1. Podcast listeners will know that 3D makes me ill. 
  2. I’m fairly sure this is a far worse adaptation than even Kevin Sorbo’s television Hercules. Or Disney’s animated Hercules. 
  3. The use of a character, object or place and only renaming it. For example, as a RPG game master I need a diverse cast of enemies but I am often limited to a small set of usable monsters with approrpiate game mechanics. So I file off the serial numbers of an orc, removing all the exposition and description that makes it an orc and re-write it as if it were a goblin. I then use the newly minted goblin as an enemy instead even though, through the lens of game mechanics, it’s just an orc. 

Oscar Nomination Predictions

For the sake of posterity, and because why the heck not, let’s make Oscar predictions so we can all have a good laugh about this later, huh?

I have “Will be Nominated” sections, and then my “Wish List” sections. For the sake of keeping this from being a Top Ten List, let’s keep that wish list to films that are in the conversation/have a realistic outside chance of a nomination come tomorrow morning. (Note: I’ve seen every picture likely to be in the conversation nominations-wise with the exception of August: Osage County, Ernest & Celestine, and The Wind Rises.)

Best Picture

Will Be Nominated: 12 Years a Slave, American Hustle, Gravity, Wolf of Wall Street, Her, Dallas Buyers Club (Intentionally keeping this one small. Anywhere from 5-10 films can be nominated, but in years where a lot of first place votes get thrown the way of a small batch of films [like Slave or Hustle] the likelihood of a large field of movies with less animated support is unlikely, so I’m including those movies about which people seem to be absurdly passionate, and have left off movies that will end up third or fourth on a lot of ballots but first on very few like Captain Phillips and Saving Mr. Banks. Still, I’ve been realistic and left off darlings that will be in first on ballots they show up on, but not on enough ballots, like Inside Llewyn Davis and Before Midnight.)

Wish List: Her, Gravity, 12 Years a Slave, Blue is the Warmest Color, Wolf of Wall Street, Inside Llewyn Davis, Dallas Buyers Club, Before Midnight, Fruitvale Station, The Butler (Give me ten slots to play with, these are the ten Oscar hopefuls I’d pray for. Notice a distinct lack of Captain Phillips and American Hustle; I believe those films are more than adequate but there’s better stuff out there to honor. I think hopefuls Philomena and Saving Mr. Banks are even further down my totem pole, I’d actually be a bit sad to see them nominated, moreso in Banks’s case. Note that this is not my top ten list. I’ve left tiny films like Short Term 12 and Gimme the Loot, as well as comedies like The World’s End and About Time, off this list because the notion their names might be called tomorrow is sadly laughable.)

Best Actor

Will Be Nominated: Chiwetel Ejiofor (12 Years a Slave), Matthew McConaughey (Dallas Buyers Club), Tom Hanks (Captain Phillips), Bruce Dern (Nebraska), Leonardo DiCaprio (Wolf of Wall Street) (This is a stacked field. It is also pretty set, with little hope of a lock like Hanks being switched for a pleasant surprise like Forrest Whitaker in The Butler. I’ve opted for one sort-of-surprise in leaving out Robert Redford, the movie legend ascending, for his near-silent performance in All Is Lost, instead deciding to include Leo, who many think will be left out in the cold for starring in a controversial movie in which he holds a lit candle clenched in his buttcheeks.)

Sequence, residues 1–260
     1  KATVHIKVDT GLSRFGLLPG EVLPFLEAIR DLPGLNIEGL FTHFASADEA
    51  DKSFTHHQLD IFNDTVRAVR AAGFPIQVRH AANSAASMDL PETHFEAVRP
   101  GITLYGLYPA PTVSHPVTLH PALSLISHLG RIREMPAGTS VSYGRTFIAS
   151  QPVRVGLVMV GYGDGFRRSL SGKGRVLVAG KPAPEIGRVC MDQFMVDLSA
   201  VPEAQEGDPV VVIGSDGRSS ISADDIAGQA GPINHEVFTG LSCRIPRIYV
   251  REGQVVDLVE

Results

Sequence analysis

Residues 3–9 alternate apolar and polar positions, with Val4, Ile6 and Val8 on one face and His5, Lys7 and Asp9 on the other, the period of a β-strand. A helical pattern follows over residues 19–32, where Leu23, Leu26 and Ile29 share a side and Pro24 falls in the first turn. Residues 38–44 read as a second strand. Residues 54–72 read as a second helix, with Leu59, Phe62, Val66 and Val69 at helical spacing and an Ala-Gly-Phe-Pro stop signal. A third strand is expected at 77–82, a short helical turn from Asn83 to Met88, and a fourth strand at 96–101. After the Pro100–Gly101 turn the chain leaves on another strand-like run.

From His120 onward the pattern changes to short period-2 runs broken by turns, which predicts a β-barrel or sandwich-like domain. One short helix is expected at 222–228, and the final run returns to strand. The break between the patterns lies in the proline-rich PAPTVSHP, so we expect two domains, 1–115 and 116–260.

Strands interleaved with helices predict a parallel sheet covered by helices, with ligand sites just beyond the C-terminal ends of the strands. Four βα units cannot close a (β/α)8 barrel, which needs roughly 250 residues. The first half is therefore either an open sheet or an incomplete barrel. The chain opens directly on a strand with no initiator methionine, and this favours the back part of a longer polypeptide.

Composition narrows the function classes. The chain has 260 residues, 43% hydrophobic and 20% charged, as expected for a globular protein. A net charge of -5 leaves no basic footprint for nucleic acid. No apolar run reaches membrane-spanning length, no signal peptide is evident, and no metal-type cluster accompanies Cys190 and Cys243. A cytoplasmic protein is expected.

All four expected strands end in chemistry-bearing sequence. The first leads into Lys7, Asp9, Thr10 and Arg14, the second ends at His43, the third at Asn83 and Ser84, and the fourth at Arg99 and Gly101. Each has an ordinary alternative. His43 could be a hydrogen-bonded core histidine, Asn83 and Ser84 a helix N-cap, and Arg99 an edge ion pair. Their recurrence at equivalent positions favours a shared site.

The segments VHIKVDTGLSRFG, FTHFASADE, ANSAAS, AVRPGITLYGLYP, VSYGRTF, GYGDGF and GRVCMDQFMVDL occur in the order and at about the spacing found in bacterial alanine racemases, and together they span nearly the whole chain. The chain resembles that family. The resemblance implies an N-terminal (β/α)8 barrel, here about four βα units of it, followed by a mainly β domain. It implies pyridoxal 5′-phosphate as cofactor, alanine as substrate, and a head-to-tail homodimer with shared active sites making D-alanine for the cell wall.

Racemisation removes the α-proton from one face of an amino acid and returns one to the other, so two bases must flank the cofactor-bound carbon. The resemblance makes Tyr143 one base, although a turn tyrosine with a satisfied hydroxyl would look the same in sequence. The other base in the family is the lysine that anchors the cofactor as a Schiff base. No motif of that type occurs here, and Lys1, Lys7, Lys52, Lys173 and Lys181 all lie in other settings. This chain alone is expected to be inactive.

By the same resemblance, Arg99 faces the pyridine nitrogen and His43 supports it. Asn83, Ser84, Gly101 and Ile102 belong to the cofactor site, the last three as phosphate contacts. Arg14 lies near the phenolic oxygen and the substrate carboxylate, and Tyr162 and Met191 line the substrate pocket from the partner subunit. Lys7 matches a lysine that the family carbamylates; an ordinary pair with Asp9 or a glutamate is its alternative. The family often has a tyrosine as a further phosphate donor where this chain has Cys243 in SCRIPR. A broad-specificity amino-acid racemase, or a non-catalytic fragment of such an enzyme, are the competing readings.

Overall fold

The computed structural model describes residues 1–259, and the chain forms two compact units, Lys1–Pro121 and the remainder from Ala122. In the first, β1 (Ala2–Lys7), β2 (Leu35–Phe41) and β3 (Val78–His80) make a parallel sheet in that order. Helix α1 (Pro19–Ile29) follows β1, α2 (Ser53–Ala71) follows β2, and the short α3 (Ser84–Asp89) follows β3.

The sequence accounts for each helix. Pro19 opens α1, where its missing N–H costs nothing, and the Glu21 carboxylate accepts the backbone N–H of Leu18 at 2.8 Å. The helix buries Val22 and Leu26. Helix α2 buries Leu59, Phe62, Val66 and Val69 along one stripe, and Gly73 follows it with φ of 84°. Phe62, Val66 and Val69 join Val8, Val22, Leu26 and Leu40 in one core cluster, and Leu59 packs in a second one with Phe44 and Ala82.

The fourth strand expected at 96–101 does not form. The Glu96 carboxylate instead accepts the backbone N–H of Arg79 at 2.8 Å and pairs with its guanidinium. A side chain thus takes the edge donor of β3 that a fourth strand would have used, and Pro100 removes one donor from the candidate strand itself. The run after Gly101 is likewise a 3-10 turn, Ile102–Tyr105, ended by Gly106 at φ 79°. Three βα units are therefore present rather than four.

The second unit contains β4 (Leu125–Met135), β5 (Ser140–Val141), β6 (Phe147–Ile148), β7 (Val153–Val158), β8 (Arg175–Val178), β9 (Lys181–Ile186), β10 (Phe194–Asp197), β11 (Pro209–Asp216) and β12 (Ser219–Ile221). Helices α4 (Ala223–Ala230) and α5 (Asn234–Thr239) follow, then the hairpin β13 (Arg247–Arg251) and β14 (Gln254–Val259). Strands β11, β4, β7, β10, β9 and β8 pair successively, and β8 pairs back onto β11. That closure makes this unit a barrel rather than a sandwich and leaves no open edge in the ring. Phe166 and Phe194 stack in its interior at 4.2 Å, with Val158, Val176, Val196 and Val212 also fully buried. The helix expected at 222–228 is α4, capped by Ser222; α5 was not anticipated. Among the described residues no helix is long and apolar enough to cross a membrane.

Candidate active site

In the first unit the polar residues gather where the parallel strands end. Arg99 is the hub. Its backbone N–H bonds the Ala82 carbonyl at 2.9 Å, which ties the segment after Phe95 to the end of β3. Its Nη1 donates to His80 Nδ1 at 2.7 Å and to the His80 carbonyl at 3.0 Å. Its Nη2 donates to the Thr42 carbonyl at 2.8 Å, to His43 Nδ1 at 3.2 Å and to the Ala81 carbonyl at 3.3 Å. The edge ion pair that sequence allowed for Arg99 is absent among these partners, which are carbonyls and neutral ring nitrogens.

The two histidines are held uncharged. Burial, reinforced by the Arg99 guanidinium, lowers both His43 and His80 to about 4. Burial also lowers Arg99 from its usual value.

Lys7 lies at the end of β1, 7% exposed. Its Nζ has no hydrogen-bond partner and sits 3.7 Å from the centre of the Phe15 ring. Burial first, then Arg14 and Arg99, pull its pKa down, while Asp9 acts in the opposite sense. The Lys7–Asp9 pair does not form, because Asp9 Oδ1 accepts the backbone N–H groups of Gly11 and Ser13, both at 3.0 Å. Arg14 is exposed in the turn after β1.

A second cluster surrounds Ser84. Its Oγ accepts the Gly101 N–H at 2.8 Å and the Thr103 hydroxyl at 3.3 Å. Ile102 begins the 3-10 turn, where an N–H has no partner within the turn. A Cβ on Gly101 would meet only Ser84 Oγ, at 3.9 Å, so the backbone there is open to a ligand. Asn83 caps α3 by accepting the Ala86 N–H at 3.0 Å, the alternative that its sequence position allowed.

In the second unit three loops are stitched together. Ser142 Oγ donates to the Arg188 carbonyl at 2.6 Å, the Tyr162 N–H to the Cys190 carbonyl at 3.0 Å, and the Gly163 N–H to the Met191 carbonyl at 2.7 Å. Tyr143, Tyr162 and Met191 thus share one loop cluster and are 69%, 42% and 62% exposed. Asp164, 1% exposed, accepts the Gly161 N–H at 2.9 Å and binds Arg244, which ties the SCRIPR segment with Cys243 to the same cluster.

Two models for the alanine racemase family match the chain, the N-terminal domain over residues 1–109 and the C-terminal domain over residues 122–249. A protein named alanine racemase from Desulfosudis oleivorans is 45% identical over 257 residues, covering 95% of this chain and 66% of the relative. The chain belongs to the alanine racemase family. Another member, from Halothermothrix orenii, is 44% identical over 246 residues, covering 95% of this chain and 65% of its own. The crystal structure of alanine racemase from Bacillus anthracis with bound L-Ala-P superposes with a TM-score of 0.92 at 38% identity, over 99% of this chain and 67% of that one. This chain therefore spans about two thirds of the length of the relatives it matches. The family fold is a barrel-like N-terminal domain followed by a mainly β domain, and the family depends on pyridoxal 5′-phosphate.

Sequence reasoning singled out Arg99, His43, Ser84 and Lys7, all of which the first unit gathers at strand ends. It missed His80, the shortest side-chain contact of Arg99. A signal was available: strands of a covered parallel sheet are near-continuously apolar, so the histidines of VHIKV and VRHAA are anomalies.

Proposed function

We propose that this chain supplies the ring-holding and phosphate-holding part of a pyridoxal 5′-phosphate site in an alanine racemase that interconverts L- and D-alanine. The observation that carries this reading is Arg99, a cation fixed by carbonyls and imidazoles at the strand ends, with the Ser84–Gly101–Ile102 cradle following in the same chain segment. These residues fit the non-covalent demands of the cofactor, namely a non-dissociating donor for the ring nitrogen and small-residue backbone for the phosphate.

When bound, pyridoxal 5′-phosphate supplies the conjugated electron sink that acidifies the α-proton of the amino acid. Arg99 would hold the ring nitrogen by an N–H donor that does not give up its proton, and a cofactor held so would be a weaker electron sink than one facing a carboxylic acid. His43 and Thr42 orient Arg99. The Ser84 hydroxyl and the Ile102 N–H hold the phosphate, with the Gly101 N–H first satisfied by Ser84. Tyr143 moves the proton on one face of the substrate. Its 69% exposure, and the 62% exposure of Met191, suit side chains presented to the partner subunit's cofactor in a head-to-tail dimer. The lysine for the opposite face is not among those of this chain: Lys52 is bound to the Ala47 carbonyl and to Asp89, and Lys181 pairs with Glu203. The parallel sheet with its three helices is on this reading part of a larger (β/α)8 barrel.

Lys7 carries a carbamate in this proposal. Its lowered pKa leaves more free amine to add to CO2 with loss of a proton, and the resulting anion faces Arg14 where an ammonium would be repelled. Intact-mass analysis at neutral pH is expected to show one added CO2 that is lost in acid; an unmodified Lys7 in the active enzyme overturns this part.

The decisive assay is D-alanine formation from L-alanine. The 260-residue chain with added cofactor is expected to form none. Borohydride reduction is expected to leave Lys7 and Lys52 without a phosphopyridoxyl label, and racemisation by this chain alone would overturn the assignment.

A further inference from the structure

Wish List: Leonardo DiCaprio (Wolf of Wall Street), Chiwetel Ejiofor (12 Years a Slave), Matthew McConaughey (Dallas Buyers Club), Michael B. Jordan (Fruivale Station), Oscar Isaac (Inside Llewyn Davis), (That said, please let Leo finally win his Oscar for a movie in which he holds a lit candle clenched in his buttcheeks. Also, instead of Hanks, who is pretty mundane until the last ten or so minutes when he finally reaches virtuosic levels, and Dern, whose old crank routine hardly seems Oscar-worthy to me, lets include Michael B. Jordan for one of greatest breakout performances of all time and Oscar Isaac for portraying an unsympathetic crank sympathetically.)

Best Actress

Will Be Nominated: Cate Blanchett (Blue Jasmine), Emma Thompson (Saving Mr. Banks), Sandra Bullock (Gravity), Judi Dench (Philomena), Amy Adams (American Hustle) (A set of frequently nominated actresses line up behind Blanchett, to whom everyone agrees to lose in splendidly outlandish fashion. But which actress sneaks in to that last spot, the most recognized actress of all time, Meryl, or the newish kid on the block, Amy Adams. Meryl’s film is the only one I haven’t seen, but it’s been savaged enough that I think Amy Adam’s heavily praised performance gets in here. But Iron Lady was torn apart too, and Meryl didn’t just get nominated for it; she won for it. Can anything stop her?)